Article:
University of Guelph alumna Dr. Sabrina Rondeau has received the prestigious 2023 Canadian Association for Graduate Studies (CAGS)-ProQuest Distinguished Dissertation Award in the Engineering, Medical Sciences, and Natural Sciences category.  

The award recognizes Canadian doctoral dissertations that make unusually significant and original contributions to the academic community and Canadian society at large. 

Rondeau completed her PhD in the Ontario Agricultural College’s School of Environmental Sciences with Dr. Nigel Raine in fall 2022. 

Her dissertation, “Assessing Exposure and Impacts of Combined Pesticide Residues in Soil for Ground-Nesting Bees and Bumblebee (Bombus spp.) Queens,” was unanimously selected by a committee of eight expert judges from submissions from across Canada. 

Research on vital agricultural pollinators

A person smiles for the camera in a photo studio
Dr. Sabrina Rondeau

“We are thrilled to see Dr. Rondeau’s innovative and important research recognized nationally,” said Dr. Ben Bradshaw, assistant vice-president (graduate studies). “Her success speaks to the outstanding graduate training offered by the University of Guelph, the School of Environmental Sciences and, especially, her supervisor Dr. Nigel Raine.”  

Working closely with growers, Rondeau examined the role of soil in exposing ground-nesting bees or those that hibernate underground, such as bumblebee queens, to “bee-safe” pesticides. She found that pesticide-contaminated soil and pesticide mixtures can have subtle and unpredictable sublethal effects on wild bees exposed to them.  

Her findings have significant implications for the conservation of these vital agricultural pollinators and will help inform best management practices for promoting healthier bee communities on farms.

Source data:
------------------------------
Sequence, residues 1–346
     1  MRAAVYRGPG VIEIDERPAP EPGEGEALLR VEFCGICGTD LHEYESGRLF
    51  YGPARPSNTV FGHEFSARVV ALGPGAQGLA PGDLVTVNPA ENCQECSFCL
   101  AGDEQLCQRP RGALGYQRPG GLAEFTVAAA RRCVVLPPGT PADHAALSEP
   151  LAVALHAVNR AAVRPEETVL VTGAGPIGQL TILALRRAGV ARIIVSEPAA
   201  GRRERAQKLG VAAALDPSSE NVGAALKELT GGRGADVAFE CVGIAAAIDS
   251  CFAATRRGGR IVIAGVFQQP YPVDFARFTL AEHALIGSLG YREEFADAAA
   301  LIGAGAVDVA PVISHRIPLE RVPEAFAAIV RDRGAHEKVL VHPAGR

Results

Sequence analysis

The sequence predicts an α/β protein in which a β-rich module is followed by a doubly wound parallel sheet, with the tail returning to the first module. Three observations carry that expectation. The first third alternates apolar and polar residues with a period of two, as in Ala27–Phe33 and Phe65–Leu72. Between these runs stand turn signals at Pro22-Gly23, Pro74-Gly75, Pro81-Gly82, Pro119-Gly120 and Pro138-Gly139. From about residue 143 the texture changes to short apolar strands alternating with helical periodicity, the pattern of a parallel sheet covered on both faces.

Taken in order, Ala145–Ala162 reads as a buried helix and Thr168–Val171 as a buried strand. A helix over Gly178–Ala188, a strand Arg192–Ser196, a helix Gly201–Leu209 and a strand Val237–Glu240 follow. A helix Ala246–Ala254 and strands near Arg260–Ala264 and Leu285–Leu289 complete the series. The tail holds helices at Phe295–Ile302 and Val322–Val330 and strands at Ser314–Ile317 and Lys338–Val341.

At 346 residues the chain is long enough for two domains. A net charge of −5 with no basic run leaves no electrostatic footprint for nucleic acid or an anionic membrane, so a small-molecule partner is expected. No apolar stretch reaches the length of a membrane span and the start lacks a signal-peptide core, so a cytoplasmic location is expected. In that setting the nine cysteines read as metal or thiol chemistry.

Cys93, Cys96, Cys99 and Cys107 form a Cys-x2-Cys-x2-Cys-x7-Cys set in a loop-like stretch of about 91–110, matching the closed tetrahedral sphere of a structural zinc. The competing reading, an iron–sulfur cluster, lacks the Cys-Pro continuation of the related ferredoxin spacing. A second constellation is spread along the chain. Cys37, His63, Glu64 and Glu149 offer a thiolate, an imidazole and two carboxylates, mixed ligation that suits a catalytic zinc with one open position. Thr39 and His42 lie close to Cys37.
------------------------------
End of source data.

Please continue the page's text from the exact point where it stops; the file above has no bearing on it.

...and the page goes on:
“Many of the foods we eat rely in some way on bee pollination and without pollination we would not have the same diversity in our diet as we do today,” said Rondeau.  

“Understanding the causes and mechanisms responsible for global bee declines and working to mitigate them represent critically important steps to ensure the sustainable future of global food production and plant biodiversity.” 

Rondeau’s doctoral research was supported by an Arrell Food Institute graduate scholarship, a Fonds de recherche du Québec doctoral scholarship and several research grants from private sector foundations, provincial governments and non-profit research foundations. 

Rondeau completed an MSc at Université Laval and both a PhD and a postdoctoral fellowship at the U of G. She is now a postdoctoral fellow in the Department of Biology at the University of Ottawa, where she continues to explore the impact of global warming and agricultural practices, such as tillage and pesticide use, on wild ground-nesting bee communities. 

Rondeau and Dr. Célia Romulus of Queen’s University, winner of the Arts, Humanities and Social Sciences category, will each receive a $1,500 cash prize, a certificate of recognition and an opportunity to attend the 2024 Annual CAGS Conference in Toronto this November.